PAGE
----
Contact

290 E. Main
Ashland, OR 97520
(541) 488-0029 bloomsburyashland
@gmail.com

Open 7 days:
M - Fri 8:30am - 9pm
Sat 9am - 9pm
Sun 10am - 6pm

Home of the Oregon Shakespeare Festival

Specializing in contemporary fiction, children's books, young adult, local authors, & a large Shakespeare & theatre section.

After shopping, enjoy your book at... Bloomsbury Coffee House
Organic eats, drinks, treats
Above Bloomsbury Books @
290 E. Main
(541) 482-6112
More about the cafe...

Virginia Woolf wants you!

Join the Bloomsbury Book Club!
Share your passion for books with like-minded people. Meets the 2nd Tuesday of each month, 7 pm on the Mezzanine at Bloomsbury Books. Limit: 25 participants.

Best Books of 1980

Best Books from 1980

mausMAUS
Art Spieglman
Maus tells the story of Vladek Spiegelman, a Jewish survivor of Hitler’s Europe, and his son, a cartoonist coming to terms with his father’s story. Maus approaches the unspeakable through the diminutive. Its form, the cartoon (the Nazis are cats, the Jews mice), shocks us out of any lingering sense of familiarity and succeeds in “drawing us closer to the bleak heart of the Holocaust.” Maus is a haunting tale within a tale. Vladek’s harrowing story of survival is woven into the author’s account of his tortured relationship with his aging father. Against the backdrop of guilt brought by survival, they stage a normal life of small arguments and unhappy visits. This astonishing retelling of our century’s grisliest news is a story of survival, not only of Vladek but of the children who survive even the survivors.

 

clanofthecavebearCLAN OF THE CAVE BEAR
Jean Auel
Twenty years ago “The Clan of the Cave Bear” became a blockbuster, launching a bestselling saga. This is the first novel in Jean M. Auel’s epic of life 35,000 years ago when two kinds of human beings, Neanderthal and Cro-Magnon, shared the Earth. It follows the story of Ayla, a young girl who is adopted by a group of Neanderthal.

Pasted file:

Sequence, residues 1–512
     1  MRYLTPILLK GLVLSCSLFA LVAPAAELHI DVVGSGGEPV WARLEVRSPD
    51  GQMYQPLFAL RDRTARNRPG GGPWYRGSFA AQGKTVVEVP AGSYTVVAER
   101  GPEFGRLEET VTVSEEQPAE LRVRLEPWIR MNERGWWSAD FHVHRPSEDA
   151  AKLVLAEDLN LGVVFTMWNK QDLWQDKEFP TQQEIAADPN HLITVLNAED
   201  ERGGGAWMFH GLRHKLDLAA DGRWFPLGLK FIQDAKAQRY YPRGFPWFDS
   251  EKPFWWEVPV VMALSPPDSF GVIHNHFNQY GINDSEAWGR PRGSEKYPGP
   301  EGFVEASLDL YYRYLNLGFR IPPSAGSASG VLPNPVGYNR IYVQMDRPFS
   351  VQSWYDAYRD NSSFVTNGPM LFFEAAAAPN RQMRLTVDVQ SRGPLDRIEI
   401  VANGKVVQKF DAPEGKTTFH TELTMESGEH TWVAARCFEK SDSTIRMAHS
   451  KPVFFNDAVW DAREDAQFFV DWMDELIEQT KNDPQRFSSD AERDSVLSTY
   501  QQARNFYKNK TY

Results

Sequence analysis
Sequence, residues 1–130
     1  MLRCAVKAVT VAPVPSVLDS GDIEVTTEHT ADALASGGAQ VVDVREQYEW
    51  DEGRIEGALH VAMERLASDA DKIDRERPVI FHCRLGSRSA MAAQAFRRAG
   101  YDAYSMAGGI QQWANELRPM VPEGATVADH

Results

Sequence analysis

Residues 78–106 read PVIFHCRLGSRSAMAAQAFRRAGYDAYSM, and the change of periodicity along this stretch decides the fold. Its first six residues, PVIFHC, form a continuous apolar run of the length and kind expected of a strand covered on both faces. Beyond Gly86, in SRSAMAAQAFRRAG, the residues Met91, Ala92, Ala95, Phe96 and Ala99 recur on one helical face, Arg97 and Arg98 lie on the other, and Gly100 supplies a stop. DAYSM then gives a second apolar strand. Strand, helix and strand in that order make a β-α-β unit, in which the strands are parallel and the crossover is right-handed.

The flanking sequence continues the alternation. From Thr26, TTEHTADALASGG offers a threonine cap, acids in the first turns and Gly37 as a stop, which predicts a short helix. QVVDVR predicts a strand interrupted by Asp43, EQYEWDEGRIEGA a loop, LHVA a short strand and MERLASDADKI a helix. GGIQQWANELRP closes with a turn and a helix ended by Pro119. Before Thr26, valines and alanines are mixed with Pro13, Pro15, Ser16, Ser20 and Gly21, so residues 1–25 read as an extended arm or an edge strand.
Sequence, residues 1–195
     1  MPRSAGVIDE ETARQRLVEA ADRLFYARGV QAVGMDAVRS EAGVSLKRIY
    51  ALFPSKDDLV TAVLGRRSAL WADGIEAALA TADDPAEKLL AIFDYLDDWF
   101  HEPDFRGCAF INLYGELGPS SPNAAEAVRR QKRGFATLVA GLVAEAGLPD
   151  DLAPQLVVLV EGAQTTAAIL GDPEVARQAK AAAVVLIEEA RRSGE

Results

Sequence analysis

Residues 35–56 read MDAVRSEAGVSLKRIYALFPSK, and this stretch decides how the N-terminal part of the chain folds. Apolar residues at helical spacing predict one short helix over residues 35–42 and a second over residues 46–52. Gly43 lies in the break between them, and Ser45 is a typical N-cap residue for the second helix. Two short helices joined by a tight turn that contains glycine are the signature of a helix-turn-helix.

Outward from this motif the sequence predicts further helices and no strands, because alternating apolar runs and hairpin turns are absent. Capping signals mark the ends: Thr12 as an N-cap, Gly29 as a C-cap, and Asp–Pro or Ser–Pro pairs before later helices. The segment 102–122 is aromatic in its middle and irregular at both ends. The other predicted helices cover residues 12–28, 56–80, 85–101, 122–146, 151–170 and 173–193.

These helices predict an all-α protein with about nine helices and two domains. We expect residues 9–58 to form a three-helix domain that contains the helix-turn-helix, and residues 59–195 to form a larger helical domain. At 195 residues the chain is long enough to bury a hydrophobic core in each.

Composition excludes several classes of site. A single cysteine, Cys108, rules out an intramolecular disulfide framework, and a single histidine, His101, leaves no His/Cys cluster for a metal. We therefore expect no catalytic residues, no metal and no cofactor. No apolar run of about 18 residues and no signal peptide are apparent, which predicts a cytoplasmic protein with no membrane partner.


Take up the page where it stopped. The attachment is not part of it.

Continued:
indianinthecupboardINDIAN IN THE CUPBOARD
Lynn Reid Banks
It’s Omri’s birthday, but all he gets from his best friend, Patrick, is a little plastic Indian brave. Trying to hide his disappointment, Omri puts the Indian in a metal cupboard and locks the door with a mysterious skeleton key that once belonged to his great-grandmother. Little does Omri know that by turning the key, he will transform his ordinary plastic Indian into a real live man from an altogether different time and place! Omri and the tiny warrior called Little Bear could hardly be more different, yet soon the two forge a very special friendship. Will Omri be able to keep Little Bear without anyone finding out and taking his precious Indian from him?

 

metaphorswelivebyMETAPHORS WE LIVE BY
George Lakoff
This now-classic book changed our understanding of metaphor and its role in language and the mind. Metaphor, the authors explain, is a fundamental mechanism of mind, one that allows us to use what we know about our physical and social experience to provide understanding of countless other subjects. Because such metaphors structure our most basic understandings of our experience, they are “metaphors we live by”–metaphors that can shape our perceptions and actions without our ever noticing them. In this updated edition of Lakoff and Johnson’s influential book, the authors supply an afterword surveying how their theory of metaphor has developed within the cognitive sciences to become central to the contemporary understanding of how we think and how we express our thoughts in language.

 

alightintheatticA LIGHT IN THE ATTIC
Shel Silverstein
First published in 1981–the first children’s book ever on the “New York Times bestseller list”–this beloved classic is back in a special edition that features 12 never-before-published poems by Silverstein. Accompanied by his iconic black-and-white line art, these new poems reflect Silverstein’s signature humor and timeless style.